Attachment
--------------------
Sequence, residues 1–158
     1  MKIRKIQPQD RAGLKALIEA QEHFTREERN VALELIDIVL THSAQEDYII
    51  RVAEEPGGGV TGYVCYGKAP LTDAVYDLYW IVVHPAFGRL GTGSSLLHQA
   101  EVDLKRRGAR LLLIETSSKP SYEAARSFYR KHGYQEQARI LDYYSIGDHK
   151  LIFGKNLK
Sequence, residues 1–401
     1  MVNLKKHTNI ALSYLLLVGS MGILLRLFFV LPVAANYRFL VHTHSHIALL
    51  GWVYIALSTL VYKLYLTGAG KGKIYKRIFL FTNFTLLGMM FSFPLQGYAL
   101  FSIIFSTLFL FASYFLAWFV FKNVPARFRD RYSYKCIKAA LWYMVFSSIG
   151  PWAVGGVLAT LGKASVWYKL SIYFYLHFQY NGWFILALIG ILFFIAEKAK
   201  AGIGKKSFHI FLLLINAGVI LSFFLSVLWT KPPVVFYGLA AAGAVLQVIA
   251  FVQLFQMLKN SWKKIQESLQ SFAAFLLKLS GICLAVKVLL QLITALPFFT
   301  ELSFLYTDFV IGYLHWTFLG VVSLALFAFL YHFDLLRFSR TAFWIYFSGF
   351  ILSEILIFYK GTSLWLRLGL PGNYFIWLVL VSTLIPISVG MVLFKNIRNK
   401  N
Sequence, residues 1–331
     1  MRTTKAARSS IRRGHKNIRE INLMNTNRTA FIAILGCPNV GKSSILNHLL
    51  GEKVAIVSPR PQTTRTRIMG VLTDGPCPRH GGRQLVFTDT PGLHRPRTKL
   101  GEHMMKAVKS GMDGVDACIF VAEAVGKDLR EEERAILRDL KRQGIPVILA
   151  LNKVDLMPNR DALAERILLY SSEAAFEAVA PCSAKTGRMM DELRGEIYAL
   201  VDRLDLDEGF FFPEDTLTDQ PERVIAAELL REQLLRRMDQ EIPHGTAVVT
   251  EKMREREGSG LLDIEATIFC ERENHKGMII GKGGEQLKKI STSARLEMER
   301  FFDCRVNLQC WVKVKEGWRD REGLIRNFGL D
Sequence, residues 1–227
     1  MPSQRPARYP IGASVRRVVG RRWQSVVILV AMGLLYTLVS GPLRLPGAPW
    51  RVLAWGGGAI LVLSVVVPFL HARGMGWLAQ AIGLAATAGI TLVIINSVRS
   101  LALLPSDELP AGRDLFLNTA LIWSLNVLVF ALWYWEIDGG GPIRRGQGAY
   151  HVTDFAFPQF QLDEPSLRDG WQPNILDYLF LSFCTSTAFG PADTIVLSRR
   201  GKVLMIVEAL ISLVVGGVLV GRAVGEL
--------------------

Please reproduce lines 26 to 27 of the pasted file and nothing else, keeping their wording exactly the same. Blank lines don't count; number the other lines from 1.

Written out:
    51  RVLAWGGGAI LVLSVVVPFL HARGMGWLAQ AIGLAATAGI TLVIINSVRS
   101  LALLPSDELP AGRDLFLNTA LIWSLNVLVF ALWYWEIDGG GPIRRGQGAY